But that is still personal, ad hominem, cutting huge political cakes along personal lines. How about the issues facing the USA?

Take the issue-complex “speculation-massive inequality-misery”. 1% vs 99%. Traditionally, causes for the Democrats.

Sanders got at it; but his proposals were unclear or missing. Here some policy staples that the Democrats missed: separating investment and savings banking; holding Capital responsible for failures, not drawing upon State = tax-payers’ money; attacking inequality by illegalizing companies with the CEO:worker salary ratios way above, say, 10; lifting the bottom of US society with credits for the basic needs focused cooperatives.

How could Democrats justify such policies? Through Human Rights:

universal_620

What a marvelous collection of rights and freedoms! Democrats should not forever be accepting the US non-ratification of ESC human rights.

Trump, eager to make his middle class great, may actually do some ESC at the expense of UD to protect them from “trade” with loss of jobs from above and the threat of revolution, with violence from below that has already started, along racial lines, initiated by the White police.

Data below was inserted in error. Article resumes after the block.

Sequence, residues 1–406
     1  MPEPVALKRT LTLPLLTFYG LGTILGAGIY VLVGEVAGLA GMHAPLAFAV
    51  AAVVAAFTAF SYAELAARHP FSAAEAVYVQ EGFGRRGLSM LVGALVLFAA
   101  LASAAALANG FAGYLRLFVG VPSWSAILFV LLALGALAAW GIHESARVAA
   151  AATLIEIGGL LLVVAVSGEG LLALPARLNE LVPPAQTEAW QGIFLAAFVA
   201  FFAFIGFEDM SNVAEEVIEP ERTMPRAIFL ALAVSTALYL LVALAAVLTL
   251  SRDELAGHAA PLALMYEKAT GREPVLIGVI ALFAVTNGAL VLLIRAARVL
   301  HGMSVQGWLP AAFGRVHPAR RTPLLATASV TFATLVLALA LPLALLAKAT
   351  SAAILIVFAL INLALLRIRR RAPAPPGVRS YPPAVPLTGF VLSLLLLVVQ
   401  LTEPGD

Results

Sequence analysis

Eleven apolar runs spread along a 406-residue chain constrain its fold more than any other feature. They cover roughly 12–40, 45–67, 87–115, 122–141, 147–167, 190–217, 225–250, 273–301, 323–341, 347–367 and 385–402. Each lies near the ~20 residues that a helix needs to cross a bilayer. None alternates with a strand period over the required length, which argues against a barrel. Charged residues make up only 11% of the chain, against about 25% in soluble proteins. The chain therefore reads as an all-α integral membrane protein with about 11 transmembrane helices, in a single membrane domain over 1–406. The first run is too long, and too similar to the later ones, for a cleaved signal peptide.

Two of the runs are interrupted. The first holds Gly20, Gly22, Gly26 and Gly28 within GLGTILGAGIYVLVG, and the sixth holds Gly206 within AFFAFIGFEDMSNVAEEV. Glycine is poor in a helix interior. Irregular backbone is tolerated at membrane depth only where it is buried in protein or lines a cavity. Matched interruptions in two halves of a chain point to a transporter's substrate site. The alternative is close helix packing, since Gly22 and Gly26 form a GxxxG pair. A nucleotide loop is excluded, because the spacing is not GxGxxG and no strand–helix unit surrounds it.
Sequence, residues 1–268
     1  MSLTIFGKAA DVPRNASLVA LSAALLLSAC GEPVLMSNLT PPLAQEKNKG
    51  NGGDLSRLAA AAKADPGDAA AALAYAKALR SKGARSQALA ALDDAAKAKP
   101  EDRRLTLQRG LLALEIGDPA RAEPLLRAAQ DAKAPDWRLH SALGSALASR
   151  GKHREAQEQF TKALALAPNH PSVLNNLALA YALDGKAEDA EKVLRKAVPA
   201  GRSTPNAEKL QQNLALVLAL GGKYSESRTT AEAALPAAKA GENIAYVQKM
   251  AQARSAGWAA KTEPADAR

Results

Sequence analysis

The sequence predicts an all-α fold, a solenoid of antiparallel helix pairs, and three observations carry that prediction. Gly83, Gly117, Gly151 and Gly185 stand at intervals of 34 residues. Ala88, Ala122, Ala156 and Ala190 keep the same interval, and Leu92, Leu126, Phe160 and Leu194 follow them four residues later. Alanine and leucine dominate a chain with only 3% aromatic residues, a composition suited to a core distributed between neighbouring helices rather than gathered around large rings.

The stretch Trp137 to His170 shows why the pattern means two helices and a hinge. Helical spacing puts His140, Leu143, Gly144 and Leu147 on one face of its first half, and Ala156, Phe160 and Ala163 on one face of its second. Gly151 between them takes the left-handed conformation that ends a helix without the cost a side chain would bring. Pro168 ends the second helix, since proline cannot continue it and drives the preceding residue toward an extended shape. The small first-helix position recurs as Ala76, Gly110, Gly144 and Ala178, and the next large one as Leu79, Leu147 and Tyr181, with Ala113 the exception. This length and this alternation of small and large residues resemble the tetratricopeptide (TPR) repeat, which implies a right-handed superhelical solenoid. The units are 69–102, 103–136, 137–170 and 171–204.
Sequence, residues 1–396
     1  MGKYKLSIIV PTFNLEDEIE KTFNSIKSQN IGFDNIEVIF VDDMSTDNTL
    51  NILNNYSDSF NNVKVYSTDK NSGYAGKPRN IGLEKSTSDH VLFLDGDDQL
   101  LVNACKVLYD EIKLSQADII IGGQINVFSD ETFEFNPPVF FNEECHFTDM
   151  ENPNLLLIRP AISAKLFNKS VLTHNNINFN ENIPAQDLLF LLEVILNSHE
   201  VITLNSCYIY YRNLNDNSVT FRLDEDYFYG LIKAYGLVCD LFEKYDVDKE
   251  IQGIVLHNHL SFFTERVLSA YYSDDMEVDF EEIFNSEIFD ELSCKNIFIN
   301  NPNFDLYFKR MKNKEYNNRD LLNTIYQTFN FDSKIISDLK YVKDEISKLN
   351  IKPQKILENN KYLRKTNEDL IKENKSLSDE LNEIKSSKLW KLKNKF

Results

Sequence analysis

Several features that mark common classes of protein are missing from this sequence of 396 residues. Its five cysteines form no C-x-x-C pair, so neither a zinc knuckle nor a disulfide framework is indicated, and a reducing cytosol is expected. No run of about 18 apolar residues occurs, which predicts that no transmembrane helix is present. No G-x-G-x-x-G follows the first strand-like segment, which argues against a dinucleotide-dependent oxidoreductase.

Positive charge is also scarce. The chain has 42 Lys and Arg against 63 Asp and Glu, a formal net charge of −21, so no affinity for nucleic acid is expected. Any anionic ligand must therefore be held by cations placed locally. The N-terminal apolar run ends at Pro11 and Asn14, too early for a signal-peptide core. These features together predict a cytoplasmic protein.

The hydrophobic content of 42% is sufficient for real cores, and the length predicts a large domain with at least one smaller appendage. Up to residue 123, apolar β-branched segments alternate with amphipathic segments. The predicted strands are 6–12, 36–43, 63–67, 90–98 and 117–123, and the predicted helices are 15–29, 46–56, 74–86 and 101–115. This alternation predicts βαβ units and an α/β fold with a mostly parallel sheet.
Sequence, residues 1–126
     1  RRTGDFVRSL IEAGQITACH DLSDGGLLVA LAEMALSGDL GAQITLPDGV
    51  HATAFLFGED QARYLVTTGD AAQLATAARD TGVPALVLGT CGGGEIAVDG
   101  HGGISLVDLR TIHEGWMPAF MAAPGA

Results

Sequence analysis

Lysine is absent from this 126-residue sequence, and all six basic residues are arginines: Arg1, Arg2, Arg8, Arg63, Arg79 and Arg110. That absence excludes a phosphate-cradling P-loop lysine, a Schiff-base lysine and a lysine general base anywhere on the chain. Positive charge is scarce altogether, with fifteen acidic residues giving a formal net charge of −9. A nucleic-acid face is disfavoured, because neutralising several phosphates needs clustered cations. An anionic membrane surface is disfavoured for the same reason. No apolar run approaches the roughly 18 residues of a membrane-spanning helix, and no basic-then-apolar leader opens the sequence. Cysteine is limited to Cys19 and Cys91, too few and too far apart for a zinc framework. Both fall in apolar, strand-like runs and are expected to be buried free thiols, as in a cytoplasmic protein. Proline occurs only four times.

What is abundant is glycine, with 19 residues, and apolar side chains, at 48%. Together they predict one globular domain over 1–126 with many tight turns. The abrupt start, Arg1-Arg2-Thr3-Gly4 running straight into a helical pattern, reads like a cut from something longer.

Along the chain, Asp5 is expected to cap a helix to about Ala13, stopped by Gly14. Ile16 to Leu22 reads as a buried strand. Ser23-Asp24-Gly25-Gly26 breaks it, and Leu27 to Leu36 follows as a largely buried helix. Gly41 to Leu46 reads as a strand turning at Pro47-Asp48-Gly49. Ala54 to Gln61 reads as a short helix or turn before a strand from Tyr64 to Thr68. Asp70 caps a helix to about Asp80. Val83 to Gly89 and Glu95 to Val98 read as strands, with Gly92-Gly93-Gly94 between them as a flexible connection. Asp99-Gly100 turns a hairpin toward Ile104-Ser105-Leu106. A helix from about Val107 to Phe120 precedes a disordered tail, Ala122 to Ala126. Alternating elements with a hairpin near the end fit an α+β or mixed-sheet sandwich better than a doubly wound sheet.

Take the issue-complex “foreign policy-war”. “An isolationist Trump could save American lives”[iii] (and many more non-American lives). But doing so to save money is not good enough; take the issues head on.

“Clinton and Trump jostle for a position over North Korea”[iv] is more to the point: Trump is open to negotiate directly with Kim Jung-un, Hillary sticks to conventional isolation-sanctions-multilateralism.

Trump might become the first US president to take North Korea on the word: “peace treaty-normalization-a nuclear-free Korean peninsula”. Hillary’s line leads nowhere. What is missing is an open debate on the two untouchables: US foreign policy and the US right and duty to war.

The “less-than-Third World” infrastructure” has been mentioned.

However, how about the suicide and homicide rates? Not only the easy gun access aspect, what it says about demoralized US society? How about the shortening of lives due to deteriorating living conditions? How about the climate and the environment, specifics, not generalities? How about the whole American dream or dreams becoming exactly that, a dream only, dreamt in the past?